Can an 11-Year-Old Really Change How Lead in Water is Identified? 

America’s water system is undeniably in crisis.  The projected cost of fixing the miles of pipeline that criss-cross the country runs to $1 trillion, according to some estimates.  There’s no quick fix.

Our infrastructure won’t be updated any time soon…
Next Generation – New Hope

But where there is a future, there is always hope.  And where there is hope, there is a future.  Maybe the next generation will come up with some answers, determined to put right what is broken and unsustainable.  This possibility has been highlighted by eleven-year-old Gitanjali Rao, winner of America’s top young scientist award.

Mythical Inspiration

Horrified by the news of lead contamination in the water of Flint, Michigan, Gitanjali quickly realized the issue wasn’t confined to that city, but affected millions of people across America.  A student at STEM-focused public charter school Highlands Ranch in Lone Tree, Colorado, Rao developed a device she named “Tethys,” after the Greek goddess of fresh water.

There’s an App For That…

Tethys utilizes a replaceable cartridge that contains carbon nanotubes.  These nanotubes are capable of detecting the presence and concentration of lead in a water sample.  The findings are transmitted from the sensors to a cellphone app for immediately readable results.  How amazing is that?

The Future for Tethys

Gitanjali is planning to use part of her prize money to visit Flint to see how the creative application of science can help people there, as well trying to develop Tethys for the commercial market to help people quickly identify how much lead is in their water.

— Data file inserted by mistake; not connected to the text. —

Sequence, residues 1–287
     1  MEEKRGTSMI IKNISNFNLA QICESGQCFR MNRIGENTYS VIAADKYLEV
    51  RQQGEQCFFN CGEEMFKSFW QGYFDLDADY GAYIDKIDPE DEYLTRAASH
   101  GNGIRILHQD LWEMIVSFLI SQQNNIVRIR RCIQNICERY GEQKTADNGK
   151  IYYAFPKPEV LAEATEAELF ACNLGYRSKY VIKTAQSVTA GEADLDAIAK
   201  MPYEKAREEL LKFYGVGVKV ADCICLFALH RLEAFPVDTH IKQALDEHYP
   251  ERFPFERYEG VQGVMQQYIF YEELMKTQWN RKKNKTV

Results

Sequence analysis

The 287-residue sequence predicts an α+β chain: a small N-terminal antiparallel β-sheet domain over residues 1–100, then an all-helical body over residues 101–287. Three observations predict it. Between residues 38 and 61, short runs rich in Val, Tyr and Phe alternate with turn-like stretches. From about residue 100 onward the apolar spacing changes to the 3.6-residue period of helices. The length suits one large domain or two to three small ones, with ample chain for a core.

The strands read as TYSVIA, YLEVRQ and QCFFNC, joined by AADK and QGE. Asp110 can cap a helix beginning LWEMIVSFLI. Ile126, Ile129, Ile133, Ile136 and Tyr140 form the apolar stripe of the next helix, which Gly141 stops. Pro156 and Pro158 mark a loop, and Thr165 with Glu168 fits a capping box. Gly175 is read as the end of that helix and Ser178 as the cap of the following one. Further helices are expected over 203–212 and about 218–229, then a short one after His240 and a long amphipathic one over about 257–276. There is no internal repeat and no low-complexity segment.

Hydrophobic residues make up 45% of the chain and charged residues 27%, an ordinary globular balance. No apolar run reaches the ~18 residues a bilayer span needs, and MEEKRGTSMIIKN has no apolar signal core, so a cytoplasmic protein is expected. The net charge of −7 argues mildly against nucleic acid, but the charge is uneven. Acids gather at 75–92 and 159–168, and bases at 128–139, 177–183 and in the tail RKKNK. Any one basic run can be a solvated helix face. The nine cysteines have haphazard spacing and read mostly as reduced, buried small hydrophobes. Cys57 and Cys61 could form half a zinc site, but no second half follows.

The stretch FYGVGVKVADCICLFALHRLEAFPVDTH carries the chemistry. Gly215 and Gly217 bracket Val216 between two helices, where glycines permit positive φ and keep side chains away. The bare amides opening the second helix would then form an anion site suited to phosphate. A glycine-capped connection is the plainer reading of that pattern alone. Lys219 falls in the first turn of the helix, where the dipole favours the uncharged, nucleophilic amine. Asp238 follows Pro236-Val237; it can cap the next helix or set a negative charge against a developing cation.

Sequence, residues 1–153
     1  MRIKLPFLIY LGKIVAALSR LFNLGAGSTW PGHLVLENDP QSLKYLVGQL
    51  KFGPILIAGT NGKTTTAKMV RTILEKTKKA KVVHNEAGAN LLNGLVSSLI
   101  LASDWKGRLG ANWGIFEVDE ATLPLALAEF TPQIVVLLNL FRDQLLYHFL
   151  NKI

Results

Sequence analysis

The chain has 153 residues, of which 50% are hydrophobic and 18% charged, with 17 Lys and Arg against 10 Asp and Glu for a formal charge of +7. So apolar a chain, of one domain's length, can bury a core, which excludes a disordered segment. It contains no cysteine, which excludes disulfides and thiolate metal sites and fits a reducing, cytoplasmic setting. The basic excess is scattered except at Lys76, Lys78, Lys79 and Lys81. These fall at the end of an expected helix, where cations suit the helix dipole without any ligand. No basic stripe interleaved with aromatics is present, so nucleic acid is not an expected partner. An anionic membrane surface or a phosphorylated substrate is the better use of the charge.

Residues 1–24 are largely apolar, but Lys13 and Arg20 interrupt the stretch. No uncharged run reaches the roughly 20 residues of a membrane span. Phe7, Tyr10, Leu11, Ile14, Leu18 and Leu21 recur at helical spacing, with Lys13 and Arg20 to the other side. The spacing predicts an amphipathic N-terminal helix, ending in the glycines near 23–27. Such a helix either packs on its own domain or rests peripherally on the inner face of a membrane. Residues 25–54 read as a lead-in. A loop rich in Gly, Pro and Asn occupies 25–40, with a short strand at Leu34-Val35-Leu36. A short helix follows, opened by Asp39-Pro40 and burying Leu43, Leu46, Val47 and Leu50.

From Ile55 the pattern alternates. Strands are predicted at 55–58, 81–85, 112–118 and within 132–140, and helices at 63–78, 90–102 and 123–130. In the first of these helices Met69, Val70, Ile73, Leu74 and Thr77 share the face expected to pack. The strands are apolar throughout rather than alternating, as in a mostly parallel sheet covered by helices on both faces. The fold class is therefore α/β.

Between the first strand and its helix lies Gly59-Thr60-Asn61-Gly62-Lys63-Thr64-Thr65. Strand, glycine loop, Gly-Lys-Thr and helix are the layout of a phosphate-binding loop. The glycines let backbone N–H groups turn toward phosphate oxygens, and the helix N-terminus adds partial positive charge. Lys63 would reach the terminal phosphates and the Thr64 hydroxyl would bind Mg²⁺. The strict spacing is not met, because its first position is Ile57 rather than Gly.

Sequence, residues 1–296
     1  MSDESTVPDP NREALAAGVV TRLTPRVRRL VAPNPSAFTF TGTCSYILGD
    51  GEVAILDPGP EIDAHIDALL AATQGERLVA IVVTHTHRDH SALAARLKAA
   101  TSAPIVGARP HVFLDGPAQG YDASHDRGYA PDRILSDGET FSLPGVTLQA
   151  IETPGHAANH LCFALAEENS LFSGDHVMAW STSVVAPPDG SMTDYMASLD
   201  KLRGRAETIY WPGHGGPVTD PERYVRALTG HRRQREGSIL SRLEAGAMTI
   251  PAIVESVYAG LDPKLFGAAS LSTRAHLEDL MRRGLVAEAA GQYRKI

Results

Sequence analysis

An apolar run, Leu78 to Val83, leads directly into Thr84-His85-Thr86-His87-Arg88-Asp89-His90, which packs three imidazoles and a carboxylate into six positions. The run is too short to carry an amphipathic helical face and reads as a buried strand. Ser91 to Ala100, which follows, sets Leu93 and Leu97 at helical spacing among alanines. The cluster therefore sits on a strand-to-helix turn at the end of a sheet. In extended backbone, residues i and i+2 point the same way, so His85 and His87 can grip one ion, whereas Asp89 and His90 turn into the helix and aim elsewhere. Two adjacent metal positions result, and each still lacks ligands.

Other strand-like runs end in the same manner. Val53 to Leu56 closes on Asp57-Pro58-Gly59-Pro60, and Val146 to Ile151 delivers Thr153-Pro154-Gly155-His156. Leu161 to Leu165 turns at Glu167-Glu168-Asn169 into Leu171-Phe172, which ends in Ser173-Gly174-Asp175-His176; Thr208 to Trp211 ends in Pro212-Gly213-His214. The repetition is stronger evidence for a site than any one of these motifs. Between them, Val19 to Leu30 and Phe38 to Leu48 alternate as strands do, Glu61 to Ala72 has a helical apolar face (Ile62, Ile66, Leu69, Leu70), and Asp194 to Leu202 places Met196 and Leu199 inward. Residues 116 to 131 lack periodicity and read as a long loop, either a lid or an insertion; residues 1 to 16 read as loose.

Tyent and Technology

Gitanjali’s achievement is remarkable.  Science and engineering in the right hands, can make life better for millions of people.  Tyent ionizers utilize some of the most cutting-edge technology and world-class engineering in every one of our machines.  For example, our filters have the same filtration capabilities as a kidney dialysis machine, removing over 200 contaminants, including up to 99% of lead, mercury, beryllium, uranium and fluoride, when a two-bank filter is added.

Learn more about Gitanjali’s invention here:  

Our dedication to producing the most advanced water ionizers on the market have lead to Tyent ionizers being voted the best in the world.

Congratulations Gitanjali!

Huge congratulations to Gitanjali for devising and creating Tethys.  We’re certain that we’ll hear more from her in the future!  In the meantime, why not take a look at our Tyent Water Cheat Sheet and find out more about our award-winning ionizers?

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2 thoughts on “Can an 11-Year-Old Really Change How Lead in Water is Identified? 

  1. There is always hope! I’m really having a great time reading stuff about water here. Thanks for sharing this information. Very helpful.

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